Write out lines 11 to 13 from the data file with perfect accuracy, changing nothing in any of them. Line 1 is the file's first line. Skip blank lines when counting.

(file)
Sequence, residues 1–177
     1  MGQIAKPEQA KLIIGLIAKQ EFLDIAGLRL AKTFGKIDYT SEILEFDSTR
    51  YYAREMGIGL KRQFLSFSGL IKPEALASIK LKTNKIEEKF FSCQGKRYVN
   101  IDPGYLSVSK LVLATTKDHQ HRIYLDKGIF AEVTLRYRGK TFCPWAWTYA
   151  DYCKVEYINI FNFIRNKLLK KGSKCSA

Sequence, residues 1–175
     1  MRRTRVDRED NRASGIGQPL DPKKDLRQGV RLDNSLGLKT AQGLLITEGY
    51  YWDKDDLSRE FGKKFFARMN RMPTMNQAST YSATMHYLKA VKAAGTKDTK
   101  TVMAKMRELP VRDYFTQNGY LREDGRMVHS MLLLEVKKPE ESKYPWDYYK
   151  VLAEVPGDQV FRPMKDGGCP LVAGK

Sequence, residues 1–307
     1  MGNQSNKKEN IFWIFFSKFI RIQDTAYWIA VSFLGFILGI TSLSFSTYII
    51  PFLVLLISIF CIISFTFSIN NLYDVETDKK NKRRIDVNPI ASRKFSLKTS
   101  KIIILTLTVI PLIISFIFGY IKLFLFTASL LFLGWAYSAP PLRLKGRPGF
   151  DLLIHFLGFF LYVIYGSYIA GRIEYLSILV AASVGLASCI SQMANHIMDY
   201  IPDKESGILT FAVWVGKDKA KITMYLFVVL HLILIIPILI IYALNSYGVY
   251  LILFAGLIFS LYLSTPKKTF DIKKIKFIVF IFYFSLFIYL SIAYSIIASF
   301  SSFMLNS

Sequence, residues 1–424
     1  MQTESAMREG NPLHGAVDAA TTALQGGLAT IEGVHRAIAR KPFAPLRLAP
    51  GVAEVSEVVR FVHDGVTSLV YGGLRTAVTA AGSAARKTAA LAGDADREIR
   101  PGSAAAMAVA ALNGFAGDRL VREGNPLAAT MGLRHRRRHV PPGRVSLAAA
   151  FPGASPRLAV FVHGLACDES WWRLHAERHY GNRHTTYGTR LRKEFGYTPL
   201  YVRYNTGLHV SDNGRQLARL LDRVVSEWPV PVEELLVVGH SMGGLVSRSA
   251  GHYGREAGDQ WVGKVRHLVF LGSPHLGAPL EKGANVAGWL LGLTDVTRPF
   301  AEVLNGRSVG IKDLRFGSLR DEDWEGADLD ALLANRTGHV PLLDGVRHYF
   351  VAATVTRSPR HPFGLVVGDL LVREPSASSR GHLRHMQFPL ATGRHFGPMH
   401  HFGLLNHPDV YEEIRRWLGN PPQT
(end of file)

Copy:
Sequence, residues 1–307
     1  MGNQSNKKEN IFWIFFSKFI RIQDTAYWIA VSFLGFILGI TSLSFSTYII
    51  PFLVLLISIF CIISFTFSIN NLYDVETDKK NKRRIDVNPI ASRKFSLKTS